Where Does the Arsenic in Rice, Mushrooms, and Wine Come From?

What happens when our crops are grown in soil contaminated with arsenic-based pesticides and arsenic drug-laced chicken manure?

When arsenic-containing drugs are fed to chickens, not only does the arsenic grow out into their feathers, which are then fed back to them as a slaughterhouse byproduct, but the arsenic can also get into their tissues and then into our tissues when we eat eggs or meat, a cycle depicted at the start of my video Where Does the Arsenic in Rice, Mushrooms, and Wine Come From?. This explains why national studies have found that those who eat more poultry have tended to have more arsenic flowing through their bodies. Why would the industry do that? In modern poultry farms, often called CAFOs for concentrated animal feeding operations, there can be 200,000 birds under one roof and the floors of these buildings become covered with feces. While this so-called factory farming decreases costs, it also increases the risk of disease. That’s where arsenic-containing drugs and other antibiotic feed additives can come in: to try to cut down the spread of disease in such an unnatural environment. If you’re feeling a little smug because you don’t eat chicken, what do you think happens to the poop?

As depicted at 1:17 in my video, from chicken manure, the arsenic from the drugs in the animal feed can get into our crops, into the air, and into the groundwater, and find its way into our bodies whether we eat meat or not. Yes, but how much arsenic are we really talking about? Well, we raise billions of chickens a year, and, if, historically, the vast majority were fed arsenic, then, if you do the math, we’re talking about dumping a half million pounds of arsenic into the environment every year—much of it onto our crops or shoveled directly into the mouths of other farm animals.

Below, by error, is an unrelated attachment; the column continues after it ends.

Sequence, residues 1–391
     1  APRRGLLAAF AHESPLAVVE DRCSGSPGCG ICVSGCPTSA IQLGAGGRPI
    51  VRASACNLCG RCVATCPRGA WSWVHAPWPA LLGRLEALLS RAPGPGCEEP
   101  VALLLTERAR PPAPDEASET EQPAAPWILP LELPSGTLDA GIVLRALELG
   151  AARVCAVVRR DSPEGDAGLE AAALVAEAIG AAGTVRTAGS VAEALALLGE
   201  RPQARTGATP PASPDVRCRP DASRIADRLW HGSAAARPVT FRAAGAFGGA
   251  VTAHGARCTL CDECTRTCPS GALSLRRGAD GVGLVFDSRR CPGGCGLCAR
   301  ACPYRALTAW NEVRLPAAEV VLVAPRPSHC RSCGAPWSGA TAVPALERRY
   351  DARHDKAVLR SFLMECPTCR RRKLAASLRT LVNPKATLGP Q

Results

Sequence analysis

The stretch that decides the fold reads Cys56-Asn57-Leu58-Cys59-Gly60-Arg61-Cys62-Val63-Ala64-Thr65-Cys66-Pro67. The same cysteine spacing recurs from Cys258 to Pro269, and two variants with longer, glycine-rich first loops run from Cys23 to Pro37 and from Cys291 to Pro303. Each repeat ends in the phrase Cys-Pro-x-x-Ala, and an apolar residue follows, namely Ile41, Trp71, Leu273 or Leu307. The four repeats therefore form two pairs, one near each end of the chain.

Most of the arsenic in chicken waste is water soluble, so, there are certainly concerns about it seeping into the groundwater. But, if it’s used as a fertilizer, what about our food? Studies on the levels of arsenic in the U.S. food supply dating back to the 1970s identified two foods, fish aside, with the highest levels—chicken and rice—both of which can accumulate arsenic in the same way. Deliver an arsenic-containing drug like roxarsone to chickens, and it ends up in their manure, which ends up in the soil, which ends up in our pilaf. “Rice is [now] the primary source of As [arsenic] exposure in a non seafood diet.”

I was surprised to learn that mushrooms are in the top-five food sources of arsenic, but then it made sense after I found out that poultry litter is commonly used as a starting material to grow mushrooms in the United States. As you can see at 2:58 in my video, over the years, the arsenic content in mushrooms has rivaled arsenic concentration in rice, though people tend to eat more rice than mushrooms on a daily basis. Arsenic levels in mushrooms seemed to be dipping starting about a decade ago, which was confirmed in a 2016 paper that looked at a dozen different types of mushrooms: plain white button mushrooms, cremini, portobello, shiitake, trumpet, oyster, nameko, maitake, alba clamshell, brown clamshell, and chanterelle. Now, mushrooms are only averaging about half the arsenic content as rice, as you can see at 3:37 in my video.

Just like some mushrooms have less arsenic than others, some rice has less. Rice grown in California has 40 percent less arsenic than rice grown in Arkansas, Louisiana, Mississippi, Missouri, and Texas. Why? Well, arsenic-based pesticides had been used for more than a century on millions of acres of cotton fields, a practice noted to be “dangerous” back in 1927. Arsenic pesticides are now effectively banned, so it’s not simply a matter of buying organic versus conventional rice because millions of pounds of arsenic had been laid down in the soil well before the rice was even planted.